This yellow daylily caught my sweetheart’s eye during yesterday’s visit to Bodnant Garden. The plant produces striking, dark, bronzy stems topped with buds that open to rich yellow flowers. Broad mahogany stripes linger on the backs of the outer petals: a legacy of the bud.
Continue reading “Yellow and Mahogany Daylily”
To accentuate the beauty of a shrub rose, allow it to mingle with other plants, while indulging its desire to be the star of the show. Companion planting has a practical purpose as well as a creative one. Foliage of other plants can help to cover the bare soil and gnarled branches often found at the base of roses, and any mixed planting always attracts a broader range of beneficial insects, helping to keep the rose healthy. Continue reading “Shrub Roses As Companion Plants”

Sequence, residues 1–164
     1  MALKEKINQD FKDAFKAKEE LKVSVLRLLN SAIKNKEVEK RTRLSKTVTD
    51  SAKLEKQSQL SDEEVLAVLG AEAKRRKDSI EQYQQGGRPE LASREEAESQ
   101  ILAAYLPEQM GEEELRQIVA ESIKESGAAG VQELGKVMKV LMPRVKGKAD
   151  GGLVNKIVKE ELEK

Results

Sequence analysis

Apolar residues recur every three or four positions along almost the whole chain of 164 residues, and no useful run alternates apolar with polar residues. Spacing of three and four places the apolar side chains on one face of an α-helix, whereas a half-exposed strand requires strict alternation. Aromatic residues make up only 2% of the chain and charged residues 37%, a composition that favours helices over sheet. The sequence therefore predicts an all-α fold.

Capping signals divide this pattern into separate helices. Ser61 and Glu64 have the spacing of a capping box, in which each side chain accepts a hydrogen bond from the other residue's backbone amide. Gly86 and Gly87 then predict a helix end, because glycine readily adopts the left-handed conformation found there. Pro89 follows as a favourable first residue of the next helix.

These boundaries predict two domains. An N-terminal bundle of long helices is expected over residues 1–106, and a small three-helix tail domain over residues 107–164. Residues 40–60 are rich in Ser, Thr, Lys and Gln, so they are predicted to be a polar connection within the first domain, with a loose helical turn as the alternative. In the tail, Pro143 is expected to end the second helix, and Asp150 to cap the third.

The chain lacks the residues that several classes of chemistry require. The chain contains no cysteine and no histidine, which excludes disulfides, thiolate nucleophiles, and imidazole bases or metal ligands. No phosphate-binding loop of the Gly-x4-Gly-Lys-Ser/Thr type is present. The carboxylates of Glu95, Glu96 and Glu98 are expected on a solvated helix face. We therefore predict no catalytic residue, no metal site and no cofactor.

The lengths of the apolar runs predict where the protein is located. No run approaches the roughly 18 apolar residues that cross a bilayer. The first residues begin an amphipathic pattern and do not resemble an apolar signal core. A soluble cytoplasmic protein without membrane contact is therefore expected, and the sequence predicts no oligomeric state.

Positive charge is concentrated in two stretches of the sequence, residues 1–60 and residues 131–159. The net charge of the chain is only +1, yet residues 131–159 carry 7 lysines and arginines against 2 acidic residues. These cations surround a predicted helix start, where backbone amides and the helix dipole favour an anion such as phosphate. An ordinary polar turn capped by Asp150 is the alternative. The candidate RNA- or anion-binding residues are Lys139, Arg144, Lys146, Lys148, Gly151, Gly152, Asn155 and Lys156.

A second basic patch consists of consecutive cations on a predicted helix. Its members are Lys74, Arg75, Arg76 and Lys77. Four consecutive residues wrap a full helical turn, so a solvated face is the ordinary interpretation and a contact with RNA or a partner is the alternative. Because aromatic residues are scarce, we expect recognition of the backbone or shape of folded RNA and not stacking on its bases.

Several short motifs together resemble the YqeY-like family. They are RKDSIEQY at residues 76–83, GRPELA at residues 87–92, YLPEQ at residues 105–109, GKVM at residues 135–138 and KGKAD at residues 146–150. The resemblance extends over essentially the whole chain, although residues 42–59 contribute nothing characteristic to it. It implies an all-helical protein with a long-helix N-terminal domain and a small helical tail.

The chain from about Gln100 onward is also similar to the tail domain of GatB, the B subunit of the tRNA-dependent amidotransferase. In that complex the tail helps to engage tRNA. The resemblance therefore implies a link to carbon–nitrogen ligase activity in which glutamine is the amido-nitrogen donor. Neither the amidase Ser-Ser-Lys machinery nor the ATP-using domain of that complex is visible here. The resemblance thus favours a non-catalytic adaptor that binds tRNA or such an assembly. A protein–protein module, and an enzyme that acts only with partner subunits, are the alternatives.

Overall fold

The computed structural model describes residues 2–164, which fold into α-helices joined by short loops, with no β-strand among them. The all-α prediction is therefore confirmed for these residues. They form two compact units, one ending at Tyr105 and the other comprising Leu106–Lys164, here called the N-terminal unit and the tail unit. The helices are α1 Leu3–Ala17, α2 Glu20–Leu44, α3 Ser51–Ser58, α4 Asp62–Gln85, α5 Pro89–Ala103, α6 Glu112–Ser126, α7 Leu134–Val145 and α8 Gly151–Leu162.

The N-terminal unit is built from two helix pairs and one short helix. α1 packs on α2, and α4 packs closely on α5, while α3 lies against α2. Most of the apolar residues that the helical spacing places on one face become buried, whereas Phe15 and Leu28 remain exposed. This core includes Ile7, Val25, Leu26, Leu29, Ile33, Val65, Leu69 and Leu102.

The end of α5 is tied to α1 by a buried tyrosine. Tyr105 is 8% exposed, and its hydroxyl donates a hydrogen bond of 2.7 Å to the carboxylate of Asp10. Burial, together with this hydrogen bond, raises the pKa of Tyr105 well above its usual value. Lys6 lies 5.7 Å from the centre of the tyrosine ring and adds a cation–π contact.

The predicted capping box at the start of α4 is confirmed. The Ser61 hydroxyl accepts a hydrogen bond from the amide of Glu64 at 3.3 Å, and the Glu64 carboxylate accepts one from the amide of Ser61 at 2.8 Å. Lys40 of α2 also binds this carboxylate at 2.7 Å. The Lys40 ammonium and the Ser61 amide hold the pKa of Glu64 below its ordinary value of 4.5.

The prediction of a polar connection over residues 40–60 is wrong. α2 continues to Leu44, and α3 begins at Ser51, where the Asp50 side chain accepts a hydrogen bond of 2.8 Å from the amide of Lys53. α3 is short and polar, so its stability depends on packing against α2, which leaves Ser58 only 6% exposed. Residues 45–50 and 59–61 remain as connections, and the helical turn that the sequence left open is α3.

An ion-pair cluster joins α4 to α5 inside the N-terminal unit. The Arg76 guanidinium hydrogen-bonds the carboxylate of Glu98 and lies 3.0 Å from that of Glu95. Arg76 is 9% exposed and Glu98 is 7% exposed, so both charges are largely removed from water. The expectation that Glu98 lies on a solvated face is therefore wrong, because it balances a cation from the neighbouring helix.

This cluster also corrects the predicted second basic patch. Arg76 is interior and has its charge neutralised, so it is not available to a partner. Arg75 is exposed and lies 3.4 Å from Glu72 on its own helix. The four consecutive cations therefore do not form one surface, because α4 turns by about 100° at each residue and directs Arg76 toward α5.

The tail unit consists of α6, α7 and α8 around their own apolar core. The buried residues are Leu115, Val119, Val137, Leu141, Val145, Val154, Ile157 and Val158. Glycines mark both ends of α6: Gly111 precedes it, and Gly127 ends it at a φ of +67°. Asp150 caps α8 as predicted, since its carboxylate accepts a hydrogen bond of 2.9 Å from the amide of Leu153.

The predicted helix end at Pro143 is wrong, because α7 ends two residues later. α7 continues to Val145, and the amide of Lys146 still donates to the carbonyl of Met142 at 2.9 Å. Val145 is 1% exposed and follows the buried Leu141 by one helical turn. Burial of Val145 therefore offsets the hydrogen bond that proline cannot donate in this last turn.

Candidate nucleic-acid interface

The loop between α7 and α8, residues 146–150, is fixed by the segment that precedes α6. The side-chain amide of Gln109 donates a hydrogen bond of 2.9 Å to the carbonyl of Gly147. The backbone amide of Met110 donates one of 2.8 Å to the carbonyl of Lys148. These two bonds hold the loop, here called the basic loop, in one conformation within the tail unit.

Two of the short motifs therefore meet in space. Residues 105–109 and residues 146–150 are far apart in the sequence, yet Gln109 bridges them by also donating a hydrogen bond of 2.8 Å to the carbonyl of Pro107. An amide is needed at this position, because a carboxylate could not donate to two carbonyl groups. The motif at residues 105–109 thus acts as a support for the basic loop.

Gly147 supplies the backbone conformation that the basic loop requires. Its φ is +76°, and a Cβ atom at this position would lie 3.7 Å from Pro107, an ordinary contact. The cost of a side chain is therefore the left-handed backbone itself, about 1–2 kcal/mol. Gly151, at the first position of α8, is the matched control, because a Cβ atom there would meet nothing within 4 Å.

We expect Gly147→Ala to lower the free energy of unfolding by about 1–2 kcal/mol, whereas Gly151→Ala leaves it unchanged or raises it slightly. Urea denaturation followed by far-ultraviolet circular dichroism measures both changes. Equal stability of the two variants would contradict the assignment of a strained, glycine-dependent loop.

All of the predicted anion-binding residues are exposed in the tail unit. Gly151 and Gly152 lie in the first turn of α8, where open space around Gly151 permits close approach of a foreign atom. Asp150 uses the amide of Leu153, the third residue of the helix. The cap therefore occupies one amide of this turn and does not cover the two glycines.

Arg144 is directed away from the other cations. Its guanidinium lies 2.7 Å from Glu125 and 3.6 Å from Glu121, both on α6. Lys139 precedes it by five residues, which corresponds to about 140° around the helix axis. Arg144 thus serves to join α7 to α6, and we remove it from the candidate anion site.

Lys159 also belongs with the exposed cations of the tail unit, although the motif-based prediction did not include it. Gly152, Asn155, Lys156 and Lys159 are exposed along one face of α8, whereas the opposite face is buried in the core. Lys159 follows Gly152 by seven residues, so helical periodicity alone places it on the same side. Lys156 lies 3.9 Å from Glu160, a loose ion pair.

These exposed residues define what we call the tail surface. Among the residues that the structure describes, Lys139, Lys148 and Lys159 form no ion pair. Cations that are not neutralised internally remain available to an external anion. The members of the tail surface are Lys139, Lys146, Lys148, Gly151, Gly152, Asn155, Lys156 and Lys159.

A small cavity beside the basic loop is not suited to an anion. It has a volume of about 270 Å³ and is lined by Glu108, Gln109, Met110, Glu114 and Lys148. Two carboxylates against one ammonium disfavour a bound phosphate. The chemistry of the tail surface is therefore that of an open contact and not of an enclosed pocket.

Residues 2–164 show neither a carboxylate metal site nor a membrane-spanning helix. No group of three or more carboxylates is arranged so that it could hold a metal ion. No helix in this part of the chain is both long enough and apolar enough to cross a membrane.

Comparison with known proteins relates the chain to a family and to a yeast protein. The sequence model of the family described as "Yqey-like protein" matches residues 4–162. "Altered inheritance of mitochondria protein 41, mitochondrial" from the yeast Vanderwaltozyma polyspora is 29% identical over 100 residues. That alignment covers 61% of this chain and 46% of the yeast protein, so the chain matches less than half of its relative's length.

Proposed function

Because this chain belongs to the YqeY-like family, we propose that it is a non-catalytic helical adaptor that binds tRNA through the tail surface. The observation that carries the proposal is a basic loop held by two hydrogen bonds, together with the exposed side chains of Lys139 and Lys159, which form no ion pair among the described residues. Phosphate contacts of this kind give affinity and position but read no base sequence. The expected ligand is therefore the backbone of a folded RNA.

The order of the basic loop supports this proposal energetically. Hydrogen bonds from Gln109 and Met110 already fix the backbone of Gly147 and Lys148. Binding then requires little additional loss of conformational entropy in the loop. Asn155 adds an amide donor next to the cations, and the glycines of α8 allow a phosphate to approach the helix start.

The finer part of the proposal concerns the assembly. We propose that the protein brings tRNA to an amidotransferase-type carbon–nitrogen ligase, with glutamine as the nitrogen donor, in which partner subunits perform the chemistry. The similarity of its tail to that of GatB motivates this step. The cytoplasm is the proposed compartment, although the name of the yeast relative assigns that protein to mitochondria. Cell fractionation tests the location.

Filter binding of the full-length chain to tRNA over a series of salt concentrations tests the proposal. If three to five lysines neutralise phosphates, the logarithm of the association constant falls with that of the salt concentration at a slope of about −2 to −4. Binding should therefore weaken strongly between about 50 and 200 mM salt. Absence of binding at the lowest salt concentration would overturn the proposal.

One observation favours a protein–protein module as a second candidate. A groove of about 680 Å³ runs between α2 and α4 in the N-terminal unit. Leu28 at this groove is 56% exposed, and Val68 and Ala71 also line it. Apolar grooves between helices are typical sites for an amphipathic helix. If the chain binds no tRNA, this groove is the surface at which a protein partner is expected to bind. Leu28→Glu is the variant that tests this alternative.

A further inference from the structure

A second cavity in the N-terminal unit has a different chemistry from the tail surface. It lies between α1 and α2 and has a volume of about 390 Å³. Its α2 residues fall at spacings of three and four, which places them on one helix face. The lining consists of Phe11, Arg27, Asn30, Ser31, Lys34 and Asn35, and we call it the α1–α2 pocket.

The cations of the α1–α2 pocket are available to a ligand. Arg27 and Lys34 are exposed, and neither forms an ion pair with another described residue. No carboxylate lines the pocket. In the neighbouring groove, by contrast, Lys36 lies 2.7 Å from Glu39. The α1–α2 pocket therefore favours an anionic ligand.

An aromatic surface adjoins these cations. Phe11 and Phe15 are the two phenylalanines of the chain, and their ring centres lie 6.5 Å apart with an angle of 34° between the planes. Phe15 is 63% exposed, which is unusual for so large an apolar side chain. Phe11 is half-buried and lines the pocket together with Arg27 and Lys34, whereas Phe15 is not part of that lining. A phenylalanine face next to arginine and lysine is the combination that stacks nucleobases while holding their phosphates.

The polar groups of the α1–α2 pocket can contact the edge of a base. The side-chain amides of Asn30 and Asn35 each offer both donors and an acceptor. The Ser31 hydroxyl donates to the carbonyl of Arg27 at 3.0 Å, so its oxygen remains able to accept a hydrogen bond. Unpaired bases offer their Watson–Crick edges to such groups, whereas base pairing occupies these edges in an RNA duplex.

Every now and again, we gardeners spot a plant we really want. Not having the space or the conditions it deserves doesn’t always help reduce the cravings, but when we’re lucky enough to have the perfect spot, we’re almost powerless to resist.
If the plant is a mass propagated, named cultivar (and we know the variety name and can find a supplier) there’s something we can do about it, when it’s not, it’s more tricky. I’ve recently been bewitched by a hellebore I saw in woodland at the Ness Botanic Garden that I fear falls into the latter category. Continue reading “Plantlust”